Walk into the DeVos Communication Center on any day during the school year and it is buzzing with activity. Students can be found in the media production facilities, in the theater, in speech pathology clinics, in classrooms or congregating in the lobby. The east side of campus has become a hub for students interested in political science and communication arts and sciences.

When built a decade ago the DeVos Communication Center and the Prince Conference Center added almost 120,000 square feet of space to campus, and with their location east of the East Beltline, and especially their proximity to that busy thoroughfare and its thousands of cars a day, the two new buildings changed the face of the Calvin campus. But they also changed what Calvin was able to offer to both its students and the west Michigan community.

It was, said Calvin vice president Henry DeVries, a momentous occasion in the history of Calvin College: “We (the planning committee) realized the significance of what we were doing, both from a physical presence, but certainly also from an academic viewpoint. What those buildings were going to add to the Calvin curriculum, what they were going to allow us to do educationally, was very important.

The DeVos Center “helped our department develop our programs,” said communications arts and sciences (CAS) co-chair Kathi Groenendyk. “Having a home was critical. Before DeVos was built, faculty had offices in Hekman Library, the Science Building and the Spoelhof Center. My first office was in Hekman on the fourth floor, and then I moved to the Science Building. When Fridays at Calvin tours would go past my office in the Science Building, the tour guide leader would quickly move people past my office; they didn’t seem to know how to explain a CAS professor over there.”

The speech pathology and audiology program will top 170 students in a combined bachelor’s and master’s program this fall, a number that CAS co-chair Randy Bytwerk said would have been impossible before 2002: “Any potential faculty member or accreditor would have laughed at the facilities we formerly had.”

This past summer master’s students worked with community members in a neuro clinic serving persons who have communication issues secondary to stroke or traumatic brain injury and a pediatric clinic for preschool and school-aged children with speech and language disorders.

More than 150 community members—children and adults— have benefited in the past year from clinics and diagnostic testing offered in conjunction with the speech pathology program.

“The building has been a major factor in the growth of our program,” said Judy VanderWoude, director of the speech pathology and audiology program. “We would not have been able to have a grad program without the space, and are now outgrowing the clinical and lab space we have.”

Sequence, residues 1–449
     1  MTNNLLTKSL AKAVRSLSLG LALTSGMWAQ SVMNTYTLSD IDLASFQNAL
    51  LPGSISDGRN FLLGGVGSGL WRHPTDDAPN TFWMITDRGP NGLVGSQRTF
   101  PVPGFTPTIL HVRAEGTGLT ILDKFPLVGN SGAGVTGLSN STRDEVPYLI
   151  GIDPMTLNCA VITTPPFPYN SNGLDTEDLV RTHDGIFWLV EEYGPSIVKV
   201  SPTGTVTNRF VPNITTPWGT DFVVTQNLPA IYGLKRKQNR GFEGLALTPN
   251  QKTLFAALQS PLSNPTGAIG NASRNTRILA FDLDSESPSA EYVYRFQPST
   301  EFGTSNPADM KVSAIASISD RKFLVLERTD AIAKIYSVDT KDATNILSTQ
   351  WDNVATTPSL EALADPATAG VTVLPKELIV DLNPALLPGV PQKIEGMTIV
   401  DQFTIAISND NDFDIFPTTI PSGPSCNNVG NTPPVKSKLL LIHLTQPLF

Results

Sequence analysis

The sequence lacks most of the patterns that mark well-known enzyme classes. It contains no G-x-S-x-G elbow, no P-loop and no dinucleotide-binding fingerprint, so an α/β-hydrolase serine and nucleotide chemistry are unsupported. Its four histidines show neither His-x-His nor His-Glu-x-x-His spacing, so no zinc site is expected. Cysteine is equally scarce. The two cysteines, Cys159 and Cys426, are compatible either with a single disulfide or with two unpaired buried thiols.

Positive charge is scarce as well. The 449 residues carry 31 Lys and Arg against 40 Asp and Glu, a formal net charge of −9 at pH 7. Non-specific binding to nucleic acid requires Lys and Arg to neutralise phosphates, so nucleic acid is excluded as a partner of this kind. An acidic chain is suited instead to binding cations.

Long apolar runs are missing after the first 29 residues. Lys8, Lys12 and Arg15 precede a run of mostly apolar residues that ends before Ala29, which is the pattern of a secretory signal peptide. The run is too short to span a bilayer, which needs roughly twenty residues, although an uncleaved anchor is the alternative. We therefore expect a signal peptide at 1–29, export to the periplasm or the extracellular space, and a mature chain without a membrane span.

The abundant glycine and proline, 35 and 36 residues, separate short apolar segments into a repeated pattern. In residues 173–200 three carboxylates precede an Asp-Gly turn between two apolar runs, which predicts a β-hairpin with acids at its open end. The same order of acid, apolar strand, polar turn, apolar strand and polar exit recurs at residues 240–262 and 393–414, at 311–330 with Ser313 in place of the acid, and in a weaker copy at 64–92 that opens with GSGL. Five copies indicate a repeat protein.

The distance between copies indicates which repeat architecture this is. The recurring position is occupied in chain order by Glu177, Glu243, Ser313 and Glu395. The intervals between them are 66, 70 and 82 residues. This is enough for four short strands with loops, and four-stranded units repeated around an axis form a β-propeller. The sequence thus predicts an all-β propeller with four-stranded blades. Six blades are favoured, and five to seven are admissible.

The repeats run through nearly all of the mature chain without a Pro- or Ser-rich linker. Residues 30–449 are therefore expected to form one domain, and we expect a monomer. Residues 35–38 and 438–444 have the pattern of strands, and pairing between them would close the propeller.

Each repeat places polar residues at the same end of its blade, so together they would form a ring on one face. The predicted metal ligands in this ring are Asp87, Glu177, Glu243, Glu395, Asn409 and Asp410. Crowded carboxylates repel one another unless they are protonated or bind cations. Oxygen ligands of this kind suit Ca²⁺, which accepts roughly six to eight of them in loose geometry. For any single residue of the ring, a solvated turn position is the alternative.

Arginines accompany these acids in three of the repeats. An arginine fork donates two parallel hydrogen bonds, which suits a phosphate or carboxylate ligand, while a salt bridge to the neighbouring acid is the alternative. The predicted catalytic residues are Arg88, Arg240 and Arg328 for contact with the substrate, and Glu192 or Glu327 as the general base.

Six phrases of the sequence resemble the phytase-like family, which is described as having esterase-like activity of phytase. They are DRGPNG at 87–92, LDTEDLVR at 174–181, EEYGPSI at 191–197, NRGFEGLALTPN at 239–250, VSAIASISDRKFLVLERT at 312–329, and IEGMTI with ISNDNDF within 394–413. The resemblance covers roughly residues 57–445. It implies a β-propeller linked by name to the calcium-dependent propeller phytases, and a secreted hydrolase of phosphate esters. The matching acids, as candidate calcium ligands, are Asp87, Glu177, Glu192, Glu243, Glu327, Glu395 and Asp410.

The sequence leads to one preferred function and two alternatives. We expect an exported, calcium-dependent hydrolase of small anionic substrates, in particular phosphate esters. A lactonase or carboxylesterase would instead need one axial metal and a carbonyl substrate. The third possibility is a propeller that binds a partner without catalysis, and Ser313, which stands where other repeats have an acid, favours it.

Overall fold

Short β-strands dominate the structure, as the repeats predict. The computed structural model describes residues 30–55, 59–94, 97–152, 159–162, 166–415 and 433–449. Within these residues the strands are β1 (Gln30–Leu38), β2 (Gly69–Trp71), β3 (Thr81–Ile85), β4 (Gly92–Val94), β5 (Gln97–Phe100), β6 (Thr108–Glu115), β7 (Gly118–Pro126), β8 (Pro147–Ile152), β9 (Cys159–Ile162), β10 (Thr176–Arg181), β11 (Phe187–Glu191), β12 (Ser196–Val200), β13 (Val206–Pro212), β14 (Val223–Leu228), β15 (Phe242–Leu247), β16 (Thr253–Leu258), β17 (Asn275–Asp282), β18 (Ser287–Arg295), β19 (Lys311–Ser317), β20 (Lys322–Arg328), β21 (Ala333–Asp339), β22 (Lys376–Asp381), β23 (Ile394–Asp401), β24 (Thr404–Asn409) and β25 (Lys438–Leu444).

Brian Fuller, media production professor, has also seen tremendous growth in his program; in fact, a media production major didn’t exist until 2005.

“Calvin’s production facilities significantly outshine even those available to me as a graduate student at UNC–Greensboro, one of American Cinematographer’s top ten film schools,” said Fuller. “Our alumni continually report how much better equipped they were as students than they are as employees regionally and nationally recognized media production companies.”

The program now boasts 65 majors. “Of course the DeVos Communication Center attracts students to Calvin, but also important is that it attracts teaching talent,” he said. “Professionals who visit often jockey for successive invitations to offer guest lectures, interim classes and workshops. Thus we are able to offer our students mentoring with high-caliber media professionals beyond the reach of a school Calvin’s size.”

Also in 2005, Calvin added an international relations major—distinct from political science—which has quickly grown to 69 majors, who also call DeVos Communication Center their home.

The Prince Conference Center, meanwhile, has become a popular meeting and lodging space for not just people connected to Calvin (including alumni, parents and college-related conference attendees), but also for the region’s many nonprofit and for-profit entities, including, said DeVries, most of west Michigan’s major corporations, from Comcast to Zondervan.

“They love the free parking,” DeVries said, “and they love the great food, but they also very much appreciate the natural setting of the Prince Center: the natural light in the meeting rooms, the proximity to the Bunker Center, the ponds and wildlife. It’s worked out really well.”

Indeed, when DeVries looks back 10 years at the beginnings of the DeVos and Prince centers, he is grateful.

“Both of the buildings,” he said simply, “are doing what we had hoped for, what we had designed for and what we had built for. We deliberated, we had a good process and it worked. We’re very blessed.”